The U.S. Department of Education offers eligible students at participating schools Direct Subsidized Loans and Direct Unsubsidized Loans (sometimes referred to as Stafford Loans or Direct Stafford Loans). The interest rates for direct federal loans are generally lower than private loans, and the repayment terms for direct federal loans may include provisions for public service debt forgiveness and income-based repayment plan options. The key difference between subsidized and unsubsidized direct loans is that the U.S. Department of Education pays the interest on subsidized loans while the student attends school and during a six-month grace period thereafter, whereas unsubsidized loans accrue interest while the student attends school.

Grad or Parent PLUS loans are another federal loan option to meet education needs and are generally used after the direct loan limits have been exhausted. Parents are legally responsible for repayment of Parent PLUS loans. For graduate and professional school students, Grad PLUS loans (not involving the parent) are often used to meet the cost of tuition that exceeds direct loan limits.

Beyond federal loan programs, private borrowing may be considered. PNC[1] and many other banks offer student loans, which can play an important role when financing tuition and other education expenses. Private loans may also be more flexible than loans offered through federal programs. State agency loans are another private option, as are loan programs which may be offered directly through the school.

Other Borrowing Options

Other lending options families can use to fund education include home equity lines of credit and lines of credit secured by assets held in investment accounts. Each of these options has a unique structure, such as the repayment period and available interest rate.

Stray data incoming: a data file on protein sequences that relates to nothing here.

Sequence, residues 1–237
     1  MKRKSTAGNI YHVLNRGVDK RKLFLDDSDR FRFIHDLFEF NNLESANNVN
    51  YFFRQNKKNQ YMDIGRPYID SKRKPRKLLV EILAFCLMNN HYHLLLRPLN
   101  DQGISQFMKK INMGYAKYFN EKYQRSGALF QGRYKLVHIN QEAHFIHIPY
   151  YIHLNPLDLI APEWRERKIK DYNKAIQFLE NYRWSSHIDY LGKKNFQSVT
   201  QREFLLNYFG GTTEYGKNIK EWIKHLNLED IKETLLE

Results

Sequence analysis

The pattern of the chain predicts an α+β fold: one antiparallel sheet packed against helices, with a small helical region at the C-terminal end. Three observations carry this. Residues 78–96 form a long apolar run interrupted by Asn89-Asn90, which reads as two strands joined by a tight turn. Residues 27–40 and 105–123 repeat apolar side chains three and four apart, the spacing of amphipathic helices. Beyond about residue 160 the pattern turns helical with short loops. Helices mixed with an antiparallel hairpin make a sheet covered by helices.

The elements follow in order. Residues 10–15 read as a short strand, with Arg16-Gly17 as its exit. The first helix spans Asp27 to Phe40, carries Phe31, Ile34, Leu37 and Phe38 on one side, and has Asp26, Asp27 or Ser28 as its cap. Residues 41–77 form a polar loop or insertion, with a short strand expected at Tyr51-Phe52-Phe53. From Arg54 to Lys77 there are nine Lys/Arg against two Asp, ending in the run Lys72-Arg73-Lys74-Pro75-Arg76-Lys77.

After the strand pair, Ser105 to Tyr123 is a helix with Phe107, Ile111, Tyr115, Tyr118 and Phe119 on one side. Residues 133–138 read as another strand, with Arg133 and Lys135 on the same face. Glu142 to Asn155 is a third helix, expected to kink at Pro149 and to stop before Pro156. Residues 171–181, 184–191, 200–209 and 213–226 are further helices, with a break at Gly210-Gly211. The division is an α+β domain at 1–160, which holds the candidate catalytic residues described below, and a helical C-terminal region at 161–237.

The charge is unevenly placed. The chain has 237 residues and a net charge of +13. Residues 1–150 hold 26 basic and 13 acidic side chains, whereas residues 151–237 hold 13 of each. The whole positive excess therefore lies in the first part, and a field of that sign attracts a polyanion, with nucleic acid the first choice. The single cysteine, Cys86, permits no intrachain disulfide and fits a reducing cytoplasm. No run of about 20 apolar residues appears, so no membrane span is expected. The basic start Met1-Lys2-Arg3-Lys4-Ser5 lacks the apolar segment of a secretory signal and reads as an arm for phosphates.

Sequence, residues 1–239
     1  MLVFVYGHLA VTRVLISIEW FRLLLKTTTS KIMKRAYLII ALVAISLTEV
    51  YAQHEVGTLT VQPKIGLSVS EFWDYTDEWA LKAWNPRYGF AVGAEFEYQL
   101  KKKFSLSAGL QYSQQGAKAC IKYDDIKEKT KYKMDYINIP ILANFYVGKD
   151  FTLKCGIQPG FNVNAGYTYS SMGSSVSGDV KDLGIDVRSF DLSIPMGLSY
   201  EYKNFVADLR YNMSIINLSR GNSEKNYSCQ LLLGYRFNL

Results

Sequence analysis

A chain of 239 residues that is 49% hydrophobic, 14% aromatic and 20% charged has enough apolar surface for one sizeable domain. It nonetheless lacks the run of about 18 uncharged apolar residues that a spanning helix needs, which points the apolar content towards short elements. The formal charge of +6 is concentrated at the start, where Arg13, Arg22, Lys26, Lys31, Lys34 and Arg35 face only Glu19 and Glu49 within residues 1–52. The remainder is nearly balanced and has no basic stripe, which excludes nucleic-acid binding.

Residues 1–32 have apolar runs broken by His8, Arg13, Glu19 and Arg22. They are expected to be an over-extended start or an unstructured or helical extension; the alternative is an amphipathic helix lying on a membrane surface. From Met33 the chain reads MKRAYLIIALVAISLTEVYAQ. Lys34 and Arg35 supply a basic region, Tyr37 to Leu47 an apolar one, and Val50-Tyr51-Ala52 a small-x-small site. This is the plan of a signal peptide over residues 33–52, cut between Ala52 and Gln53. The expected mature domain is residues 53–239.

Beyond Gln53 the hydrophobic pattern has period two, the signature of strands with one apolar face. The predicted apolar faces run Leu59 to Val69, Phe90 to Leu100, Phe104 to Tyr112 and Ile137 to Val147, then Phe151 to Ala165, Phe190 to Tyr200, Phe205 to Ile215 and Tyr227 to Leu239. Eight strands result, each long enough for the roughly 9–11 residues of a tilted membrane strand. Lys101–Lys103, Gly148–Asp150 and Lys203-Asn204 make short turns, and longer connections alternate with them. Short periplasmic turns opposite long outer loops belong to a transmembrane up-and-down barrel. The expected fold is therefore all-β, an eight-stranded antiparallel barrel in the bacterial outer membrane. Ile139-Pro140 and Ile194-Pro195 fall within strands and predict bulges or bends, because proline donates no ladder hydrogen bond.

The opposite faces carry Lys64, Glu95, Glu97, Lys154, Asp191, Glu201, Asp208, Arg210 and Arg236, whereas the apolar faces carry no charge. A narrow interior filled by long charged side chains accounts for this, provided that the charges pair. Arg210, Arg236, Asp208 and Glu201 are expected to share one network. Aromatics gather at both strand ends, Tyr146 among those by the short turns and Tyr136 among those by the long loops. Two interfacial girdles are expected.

Borrowing can help bridge the gap between the cost of higher education and what is provided by family, trusts, scholarships and grants. Students and parents should borrow responsibly, and carefully consider the repayment terms on loans, taking into consideration the student’s field of study and future earning potential.[2]

Student Loan Forbearance and Forgiveness

Due to the COVID-19 emergency, payments with respect to federal student loans were suspended and the interest rate on such loans temporarily set at 0%. Waivers and modifications to certain student loans under the CARES Act will end 60 days after June 30, 2023.[3] According to the U.S. Department of Education, “Student loan interest will resume starting on [September] 1, 2023, and payments will be due starting in October.”[4]

In 2022, the Biden-Harris Administration announced a student debt relief plan. On June 30, 2023, the U.S. Supreme Court invalidated this plan.[5]

Help is Available

An investment in education, is still one of the best investments one can make for the future. Families should seek the advice of their legal, tax and financial advisors when “assembling” the mix of funds required to pay for education. Your PNC team is available to discuss how your family can achieve success through education funding.

For more information, please contact your PNC Private Bank advisor.